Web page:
If you haven’t heard, Facebook bought Instagram for $1 billion dollars. One interesting aspect of this story is the fact that Instagram just closed a round of investment from top VC firms two days earlier that valued the company at $500 million. According to this article by Techcrunch, Instagram received a $50 million dollar investment just two days before selling the company to Facebook for $1 billion. This means that the investors literally doubled their money in just a few days. You might think the investors would be thrilled, and I am sure they didn’t complain too much, BUT I believe they were less than thrilled. I think there is a valuable lesson for entrepreneurs to learn about VC firms in this story, so I want to explain why these investors may not have been ecstatic when they heard the news about the Instagram acquisition.
Key Point: Venture capital is a swing for the fences game.
A great VC firm will expect their portfolio to look something like this:
- 1/3 of investments go bankrupt
- 1/3 of investments breakeven
- 1/3 of investments are homeruns
So let’s look at the math a bit closer. Let’s say a VC firm has a 90 million dollar fund that they split between 9 companies. Each company receives a $10 million dollar investment.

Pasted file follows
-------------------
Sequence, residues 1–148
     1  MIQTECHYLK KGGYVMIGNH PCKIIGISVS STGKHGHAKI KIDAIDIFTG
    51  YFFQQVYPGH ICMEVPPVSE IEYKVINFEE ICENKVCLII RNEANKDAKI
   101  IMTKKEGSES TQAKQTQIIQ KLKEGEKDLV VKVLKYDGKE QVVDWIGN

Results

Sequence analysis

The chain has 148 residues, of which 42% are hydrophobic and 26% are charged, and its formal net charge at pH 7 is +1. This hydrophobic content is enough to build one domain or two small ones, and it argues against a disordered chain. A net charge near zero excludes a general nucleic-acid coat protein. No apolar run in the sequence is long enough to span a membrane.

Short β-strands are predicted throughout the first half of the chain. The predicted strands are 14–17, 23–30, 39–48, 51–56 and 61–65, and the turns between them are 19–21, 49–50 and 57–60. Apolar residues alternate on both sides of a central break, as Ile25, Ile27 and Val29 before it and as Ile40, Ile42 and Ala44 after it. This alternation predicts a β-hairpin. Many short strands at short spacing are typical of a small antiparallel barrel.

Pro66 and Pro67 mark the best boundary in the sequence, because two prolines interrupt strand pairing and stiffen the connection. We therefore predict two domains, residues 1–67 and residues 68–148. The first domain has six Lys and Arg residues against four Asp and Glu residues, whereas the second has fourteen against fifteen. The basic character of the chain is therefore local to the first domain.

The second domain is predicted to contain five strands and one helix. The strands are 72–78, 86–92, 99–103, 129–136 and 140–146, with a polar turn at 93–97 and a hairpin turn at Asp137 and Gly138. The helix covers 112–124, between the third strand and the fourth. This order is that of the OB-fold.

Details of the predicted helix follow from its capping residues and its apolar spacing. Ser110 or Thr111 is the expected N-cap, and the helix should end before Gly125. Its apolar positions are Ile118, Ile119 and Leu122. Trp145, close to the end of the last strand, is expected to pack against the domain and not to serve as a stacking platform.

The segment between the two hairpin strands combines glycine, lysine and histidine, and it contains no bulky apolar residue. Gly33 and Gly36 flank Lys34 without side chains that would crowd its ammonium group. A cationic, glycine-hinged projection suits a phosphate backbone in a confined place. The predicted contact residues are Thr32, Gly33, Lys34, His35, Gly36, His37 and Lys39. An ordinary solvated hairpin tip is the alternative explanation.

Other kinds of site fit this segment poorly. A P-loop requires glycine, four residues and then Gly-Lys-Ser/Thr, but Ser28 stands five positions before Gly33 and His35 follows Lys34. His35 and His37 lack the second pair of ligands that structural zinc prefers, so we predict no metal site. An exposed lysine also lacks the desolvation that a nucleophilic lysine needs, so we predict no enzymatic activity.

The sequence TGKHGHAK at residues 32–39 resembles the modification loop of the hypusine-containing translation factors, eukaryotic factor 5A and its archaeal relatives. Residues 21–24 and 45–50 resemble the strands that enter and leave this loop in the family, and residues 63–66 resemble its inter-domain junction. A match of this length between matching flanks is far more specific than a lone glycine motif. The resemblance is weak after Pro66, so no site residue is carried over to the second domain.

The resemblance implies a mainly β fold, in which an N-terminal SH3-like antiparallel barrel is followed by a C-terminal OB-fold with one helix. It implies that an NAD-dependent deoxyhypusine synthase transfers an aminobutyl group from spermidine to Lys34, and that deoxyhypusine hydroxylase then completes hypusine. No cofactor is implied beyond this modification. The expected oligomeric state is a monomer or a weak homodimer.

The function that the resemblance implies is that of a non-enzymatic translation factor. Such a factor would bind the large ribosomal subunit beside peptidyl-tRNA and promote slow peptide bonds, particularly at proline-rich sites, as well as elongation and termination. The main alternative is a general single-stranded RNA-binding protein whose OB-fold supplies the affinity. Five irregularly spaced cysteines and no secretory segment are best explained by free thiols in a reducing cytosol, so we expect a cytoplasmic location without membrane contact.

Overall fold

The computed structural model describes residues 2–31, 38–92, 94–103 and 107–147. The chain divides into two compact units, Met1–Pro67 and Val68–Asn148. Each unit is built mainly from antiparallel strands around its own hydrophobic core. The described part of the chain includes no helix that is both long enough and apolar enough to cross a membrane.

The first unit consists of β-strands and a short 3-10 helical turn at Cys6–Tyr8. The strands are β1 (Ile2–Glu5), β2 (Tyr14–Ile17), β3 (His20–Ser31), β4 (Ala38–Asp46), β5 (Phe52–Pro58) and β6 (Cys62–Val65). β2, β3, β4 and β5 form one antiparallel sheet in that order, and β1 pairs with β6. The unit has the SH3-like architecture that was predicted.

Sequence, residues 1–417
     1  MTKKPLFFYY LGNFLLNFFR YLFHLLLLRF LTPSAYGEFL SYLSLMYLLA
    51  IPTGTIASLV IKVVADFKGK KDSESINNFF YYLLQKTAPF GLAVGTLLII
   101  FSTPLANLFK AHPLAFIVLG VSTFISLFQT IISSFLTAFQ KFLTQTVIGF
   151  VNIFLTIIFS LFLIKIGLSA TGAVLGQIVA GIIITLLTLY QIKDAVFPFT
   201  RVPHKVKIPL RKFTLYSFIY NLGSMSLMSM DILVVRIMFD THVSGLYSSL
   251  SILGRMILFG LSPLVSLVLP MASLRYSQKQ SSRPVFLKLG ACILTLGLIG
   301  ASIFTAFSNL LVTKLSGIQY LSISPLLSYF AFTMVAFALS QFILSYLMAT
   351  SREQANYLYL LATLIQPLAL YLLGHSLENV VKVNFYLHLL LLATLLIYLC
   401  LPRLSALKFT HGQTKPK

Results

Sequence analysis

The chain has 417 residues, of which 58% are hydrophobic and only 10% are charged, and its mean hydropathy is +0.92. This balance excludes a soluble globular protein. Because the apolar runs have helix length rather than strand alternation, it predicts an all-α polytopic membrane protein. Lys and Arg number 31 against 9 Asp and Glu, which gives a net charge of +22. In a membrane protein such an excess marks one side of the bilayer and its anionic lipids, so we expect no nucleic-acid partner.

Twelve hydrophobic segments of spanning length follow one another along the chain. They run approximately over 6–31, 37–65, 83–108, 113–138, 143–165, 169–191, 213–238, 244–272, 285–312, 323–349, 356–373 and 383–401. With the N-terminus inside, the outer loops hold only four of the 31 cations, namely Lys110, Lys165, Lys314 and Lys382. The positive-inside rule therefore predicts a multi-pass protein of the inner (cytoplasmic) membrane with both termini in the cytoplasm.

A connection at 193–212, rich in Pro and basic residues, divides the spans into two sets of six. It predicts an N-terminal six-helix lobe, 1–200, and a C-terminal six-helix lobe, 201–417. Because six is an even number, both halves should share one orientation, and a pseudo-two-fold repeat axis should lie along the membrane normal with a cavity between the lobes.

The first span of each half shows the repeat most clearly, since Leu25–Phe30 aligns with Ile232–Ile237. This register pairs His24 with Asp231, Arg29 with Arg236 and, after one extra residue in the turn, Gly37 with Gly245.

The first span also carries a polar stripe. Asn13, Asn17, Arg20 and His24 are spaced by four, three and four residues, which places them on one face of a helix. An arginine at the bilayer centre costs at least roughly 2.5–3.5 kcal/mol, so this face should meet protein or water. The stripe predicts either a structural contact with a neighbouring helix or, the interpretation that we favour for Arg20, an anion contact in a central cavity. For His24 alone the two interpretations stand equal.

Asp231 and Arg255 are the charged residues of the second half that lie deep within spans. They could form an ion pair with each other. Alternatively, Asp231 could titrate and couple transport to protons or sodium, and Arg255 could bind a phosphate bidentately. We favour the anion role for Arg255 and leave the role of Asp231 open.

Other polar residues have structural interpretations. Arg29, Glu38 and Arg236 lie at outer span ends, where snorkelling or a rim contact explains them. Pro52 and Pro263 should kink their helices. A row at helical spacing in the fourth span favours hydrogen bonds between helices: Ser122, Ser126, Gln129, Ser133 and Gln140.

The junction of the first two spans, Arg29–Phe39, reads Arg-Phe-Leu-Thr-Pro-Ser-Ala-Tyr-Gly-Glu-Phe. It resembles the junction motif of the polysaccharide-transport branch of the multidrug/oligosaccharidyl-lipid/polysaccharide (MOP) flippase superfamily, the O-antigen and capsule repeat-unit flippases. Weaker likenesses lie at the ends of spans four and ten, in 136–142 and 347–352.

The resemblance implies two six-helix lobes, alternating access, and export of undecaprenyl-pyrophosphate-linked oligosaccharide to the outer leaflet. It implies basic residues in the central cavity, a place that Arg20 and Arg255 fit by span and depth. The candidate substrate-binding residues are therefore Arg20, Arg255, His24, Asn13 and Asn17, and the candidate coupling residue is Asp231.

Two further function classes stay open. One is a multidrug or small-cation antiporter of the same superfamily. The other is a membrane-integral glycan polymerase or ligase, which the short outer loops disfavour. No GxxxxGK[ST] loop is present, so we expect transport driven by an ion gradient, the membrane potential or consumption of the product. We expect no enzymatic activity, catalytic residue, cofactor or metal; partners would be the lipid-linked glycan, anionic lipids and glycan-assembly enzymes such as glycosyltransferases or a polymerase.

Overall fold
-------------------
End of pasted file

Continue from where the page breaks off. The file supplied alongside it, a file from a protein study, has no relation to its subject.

Right off the bat, you assume that $30 million is lost and another $30 million will return to the fund over the next 5 years from the 3 breakeven companies. That leaves 3 companies left that you hope return 10X the initial investment.
The Instagram investors were hoping for a 10X return. VC firms don’t put capital at risk, if they don’t think there is potential for a 10X return, so we know that the Instagram investors thought there was big time potential with this company.
Let’s say that those remaining 3 companies from the original portfolio all do what Instagram did. Let’s say they all double the investor’s money. At the end of the day you end up with the $90 million that you started with because 3 went to zero, 3 broke even, and 3 doubled. That just isn’t the kind of return a VC firm is looking for.
One think we must consider in the case of Instagram is time. The investors doubled their money, and now have the chance to take their $100 million and invest in more high potential companies. It is exceedingly rare for a VC firm to double their money overnight, and I am sure they were not angry, BUT we must remember that VCs want to hit homeruns; otherwise they wouldn’t play the game.
So next time you are pitching your company to potential investors, just remember that most investors are not looking for the next Instagram, they are looking for the next 10X return. Good luck!
About the Author: Adam Hoeksema is the Founder of ExecutivePlan. ExecutivePlan helps entrepreneurs write powerful business plan executive summaries in order to raise capital. Check out Adam’s Venture Capital Executive Summary Here.